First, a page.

Reader Question — Garage Sale Earrings

by Katy on June 21, 2012 · 18 comments

This question came in from Linda over at the Non-Consumer Advocate Facebook Group:

Back to garage sales, is something still a deal if you have to “do something” to it? For a cheap example, I bought a pair of smokey quartz earrings at a garage sale for 50 cents. I got home and realized that one ear wire was gold and the other was silver. Looked weird. (Did not notice in the sun before purchasing.) So, then had to drive to the craft store and buy replacement ear wires adding time and gas to the purchase and the time with the pliers to fix the earrings. Even using a coupon, total cost of earrings was now $2.61. Still a good deal, but more than what I thought I was getting for 50 cents. If I had seen them on the garage sale table for $2.61, I would have passed. On larger purchases in the past, I have spent way more time in repairing something, purchasing paint, etc. than I did on the actual item. Sometimes, I feel like it was worth it (such as the savings I got from repairing old furniture rather than buying new) and sometimes I feel like I spent too much having to repair something frivolous (like the earrings that I didn’t really need in the first place). Maybe that is it- If the item is a need, it is worth the time and additional $ outlay, and if it is a want, maybe not so much. Discuss?

I think this is a very interesting question, as a bargain that requires us spend to money is far from a bargain. My take was I actually like to fix things up, but would have looked to my current earrings stash to find the missing parts rather than buying new.

How about you?

Katy Wolk-Stanley

“Use it up, wear it out, make it do or do without”

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{ 18 comments… read them below or add one }

Kristen | The Frugal Girl June 22, 2012 at 4:30 am

I think it depends how much money and time is required, how much you paid for the item, and how much it’s worth.

I bought Zoe’s bed for $50, and then put about $10-$15 of supplies and 8 hours of work into it. This would be crazy for a pair of earrings, but not for a bed that would cost hundreds of dollars if I bought it new.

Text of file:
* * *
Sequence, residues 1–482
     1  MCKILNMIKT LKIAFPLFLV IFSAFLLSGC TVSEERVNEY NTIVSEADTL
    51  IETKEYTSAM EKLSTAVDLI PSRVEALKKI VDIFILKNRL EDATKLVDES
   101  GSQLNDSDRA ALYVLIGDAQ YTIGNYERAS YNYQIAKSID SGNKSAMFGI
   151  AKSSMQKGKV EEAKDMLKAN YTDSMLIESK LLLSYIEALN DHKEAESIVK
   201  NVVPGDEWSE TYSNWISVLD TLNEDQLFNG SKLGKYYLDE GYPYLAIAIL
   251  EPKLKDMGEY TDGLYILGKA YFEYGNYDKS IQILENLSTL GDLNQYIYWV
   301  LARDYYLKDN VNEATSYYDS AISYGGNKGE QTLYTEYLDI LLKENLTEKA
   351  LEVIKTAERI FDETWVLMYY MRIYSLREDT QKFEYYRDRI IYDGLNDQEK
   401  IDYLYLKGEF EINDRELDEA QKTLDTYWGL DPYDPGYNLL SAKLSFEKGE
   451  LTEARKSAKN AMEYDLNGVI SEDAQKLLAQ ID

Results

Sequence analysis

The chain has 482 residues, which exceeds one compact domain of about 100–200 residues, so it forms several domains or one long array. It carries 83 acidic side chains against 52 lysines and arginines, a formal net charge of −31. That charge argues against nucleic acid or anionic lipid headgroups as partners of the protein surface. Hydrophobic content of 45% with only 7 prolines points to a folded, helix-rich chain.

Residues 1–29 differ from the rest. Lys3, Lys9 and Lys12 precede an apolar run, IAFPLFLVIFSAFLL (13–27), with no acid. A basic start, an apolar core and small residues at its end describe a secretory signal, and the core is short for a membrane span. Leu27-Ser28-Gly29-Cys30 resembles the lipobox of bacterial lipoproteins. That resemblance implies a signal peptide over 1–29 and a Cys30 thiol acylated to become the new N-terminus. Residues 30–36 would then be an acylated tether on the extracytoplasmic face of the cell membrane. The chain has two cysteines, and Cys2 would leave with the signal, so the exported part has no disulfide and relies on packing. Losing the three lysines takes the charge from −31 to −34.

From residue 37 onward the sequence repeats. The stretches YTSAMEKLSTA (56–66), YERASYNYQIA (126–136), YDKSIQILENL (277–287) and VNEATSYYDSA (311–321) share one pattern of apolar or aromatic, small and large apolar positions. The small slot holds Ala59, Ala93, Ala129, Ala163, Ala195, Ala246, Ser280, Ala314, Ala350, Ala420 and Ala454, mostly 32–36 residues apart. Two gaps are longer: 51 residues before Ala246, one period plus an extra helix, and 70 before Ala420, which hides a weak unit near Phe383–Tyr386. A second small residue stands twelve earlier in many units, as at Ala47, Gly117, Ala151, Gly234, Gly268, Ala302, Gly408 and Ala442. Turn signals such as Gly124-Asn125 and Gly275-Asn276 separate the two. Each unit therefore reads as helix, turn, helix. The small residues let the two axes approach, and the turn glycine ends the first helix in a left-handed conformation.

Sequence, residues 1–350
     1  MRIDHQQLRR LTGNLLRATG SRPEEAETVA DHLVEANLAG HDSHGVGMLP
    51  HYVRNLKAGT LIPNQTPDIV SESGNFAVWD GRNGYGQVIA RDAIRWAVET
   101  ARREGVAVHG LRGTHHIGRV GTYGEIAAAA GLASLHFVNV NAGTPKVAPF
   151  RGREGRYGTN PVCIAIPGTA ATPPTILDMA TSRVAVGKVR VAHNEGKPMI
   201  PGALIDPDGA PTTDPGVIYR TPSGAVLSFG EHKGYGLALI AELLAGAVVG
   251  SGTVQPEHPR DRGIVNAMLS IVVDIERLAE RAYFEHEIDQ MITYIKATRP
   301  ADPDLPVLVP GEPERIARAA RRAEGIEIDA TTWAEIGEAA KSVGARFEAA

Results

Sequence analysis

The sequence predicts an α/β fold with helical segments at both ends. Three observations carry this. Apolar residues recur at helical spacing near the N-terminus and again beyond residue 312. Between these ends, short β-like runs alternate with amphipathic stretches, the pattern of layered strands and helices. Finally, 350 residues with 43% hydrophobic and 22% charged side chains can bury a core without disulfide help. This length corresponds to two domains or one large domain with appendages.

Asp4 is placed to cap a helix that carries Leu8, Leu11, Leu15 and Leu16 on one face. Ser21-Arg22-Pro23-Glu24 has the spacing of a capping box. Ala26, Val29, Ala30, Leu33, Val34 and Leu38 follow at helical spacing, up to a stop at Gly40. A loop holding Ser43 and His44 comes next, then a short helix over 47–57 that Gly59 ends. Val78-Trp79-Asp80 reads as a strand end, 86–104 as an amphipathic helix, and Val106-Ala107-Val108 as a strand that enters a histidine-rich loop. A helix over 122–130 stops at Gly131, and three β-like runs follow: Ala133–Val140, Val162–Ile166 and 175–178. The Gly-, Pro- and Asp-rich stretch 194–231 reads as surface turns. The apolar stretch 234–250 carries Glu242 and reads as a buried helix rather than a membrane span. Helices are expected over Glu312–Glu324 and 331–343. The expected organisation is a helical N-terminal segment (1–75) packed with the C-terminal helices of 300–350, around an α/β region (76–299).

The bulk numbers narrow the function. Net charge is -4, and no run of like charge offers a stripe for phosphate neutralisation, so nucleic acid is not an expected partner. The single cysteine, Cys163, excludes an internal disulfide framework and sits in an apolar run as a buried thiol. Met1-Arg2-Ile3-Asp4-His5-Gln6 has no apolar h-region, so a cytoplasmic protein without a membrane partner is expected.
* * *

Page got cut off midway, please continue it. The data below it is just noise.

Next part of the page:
And I do think you have to take into account how much you like or don’t like the tasks required to fix up the item in question. I kind of enjoy painting furniture, so this wasn’t a big deal to me.


Kate June 22, 2012 at 4:55 am

I second everything Kristen said and would add – are you really going to complete the project? My mother has a house full of “Oh, I’m just going to do ____ to it and then it will be ready to use!” items purchased at yard sales. These projects will never happen, thus the money was a waste and the stuff just sits there.


Kristen | The Frugal Girl June 22, 2012 at 5:53 pm

Oh yes, that’s a good point too. If you start to have these kind of projects pile up, then it’s probably wise to halt the buying until you get around to the fixing up.


Dogs or Dollars June 22, 2012 at 5:19 am

I often look for things I’m going to fix up or make part of a larger project actually. I bought a $3 wall hanging last night. Brass and black flowers, ewwww. But it’ll be super cute with a coat of spray paint. I’m currently debating if the stash of paint I have in my garage has sufficient options for this mini-project.

Earrings though? Although I’d be unlikely to rake myself over to coals too much for $1.50 or so.


Pollyanna June 22, 2012 at 6:09 am

Just a few thoughts to add: Once they were in your ears, would anyone have noticed that they were different colors (I am not sure how much the earring dangles and shows the metal). Second thought, if they caught your eye and you liked them, won’t you get $2.61 worth of enjoyment out of them? Third, if you really don’t see the value in them for yourself, why not clean them up and put them in a pretty little box or gauze bag and give as a gift? A lovely pair of earrings as a gift for <$3 is a deal good enough for any frugalista, right?


AnnW June 22, 2012 at 3:33 pm

Yep, Pollyanna, you are just like your name. Life is too short to worry about little things. The letter writer could have replaced the wires on an errand, and not worried about the extra gas. You have to have fun, once in a while. Ann


Lily June 23, 2012 at 4:19 am

This. Are we really debating about spending $3 for earrings? Come on, still a steal 🙂


Lili@creativesavv June 22, 2012 at 6:26 am

I often look for crafting supplies at garage sales. I see the item’s potential not in what it currently is, but in what I can make from it. Fixing up a pair of earrings to make them exactly how you want them is not a waste, in my opinion.

Often in retail establishments we can’t find exactly what we want, either, and I know that I may get home and have to tweak something that’s brand new, to make it just right for me. Take pants for example, women’s slacks almost always need the hem adjusted, yet we don’t flinch at the idea of doing that. It’s what we’ve come to expect.

If the earrings are now exactly how you’d like them to be, then I don’t think that you spent too much fixing the earrings.


Linda H. June 22, 2012 at 6:48 am